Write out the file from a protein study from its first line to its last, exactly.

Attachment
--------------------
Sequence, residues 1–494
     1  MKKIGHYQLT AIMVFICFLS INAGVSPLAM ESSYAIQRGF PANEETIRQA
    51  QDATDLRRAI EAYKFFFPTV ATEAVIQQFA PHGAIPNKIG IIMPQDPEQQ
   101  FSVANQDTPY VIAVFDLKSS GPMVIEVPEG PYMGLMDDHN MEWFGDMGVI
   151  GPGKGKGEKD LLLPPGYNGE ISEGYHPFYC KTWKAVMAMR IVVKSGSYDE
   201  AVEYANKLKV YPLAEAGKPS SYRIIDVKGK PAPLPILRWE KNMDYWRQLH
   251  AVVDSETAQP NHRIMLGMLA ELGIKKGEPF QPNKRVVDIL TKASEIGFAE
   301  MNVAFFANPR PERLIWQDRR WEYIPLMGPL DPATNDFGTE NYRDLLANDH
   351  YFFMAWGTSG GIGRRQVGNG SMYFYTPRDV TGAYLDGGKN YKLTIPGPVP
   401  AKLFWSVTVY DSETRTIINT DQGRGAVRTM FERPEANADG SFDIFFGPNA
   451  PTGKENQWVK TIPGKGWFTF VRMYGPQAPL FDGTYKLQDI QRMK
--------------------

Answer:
Sequence, residues 1–494
     1  MKKIGHYQLT AIMVFICFLS INAGVSPLAM ESSYAIQRGF PANEETIRQA
    51  QDATDLRRAI EAYKFFFPTV ATEAVIQQFA PHGAIPNKIG IIMPQDPEQQ
   101  FSVANQDTPY VIAVFDLKSS GPMVIEVPEG PYMGLMDDHN MEWFGDMGVI
   151  GPGKGKGEKD LLLPPGYNGE ISEGYHPFYC KTWKAVMAMR IVVKSGSYDE
   201  AVEYANKLKV YPLAEAGKPS SYRIIDVKGK PAPLPILRWE KNMDYWRQLH
   251  AVVDSETAQP NHRIMLGMLA ELGIKKGEPF QPNKRVVDIL TKASEIGFAE
   301  MNVAFFANPR PERLIWQDRR WEYIPLMGPL DPATNDFGTE NYRDLLANDH
   351  YFFMAWGTSG GIGRRQVGNG SMYFYTPRDV TGAYLDGGKN YKLTIPGPVP
   401  AKLFWSVTVY DSETRTIINT DQGRGAVRTM FERPEANADG SFDIFFGPNA
   451  PTGKENQWVK TIPGKGWFTF VRMYGPQAPL FDGTYKLQDI QRMK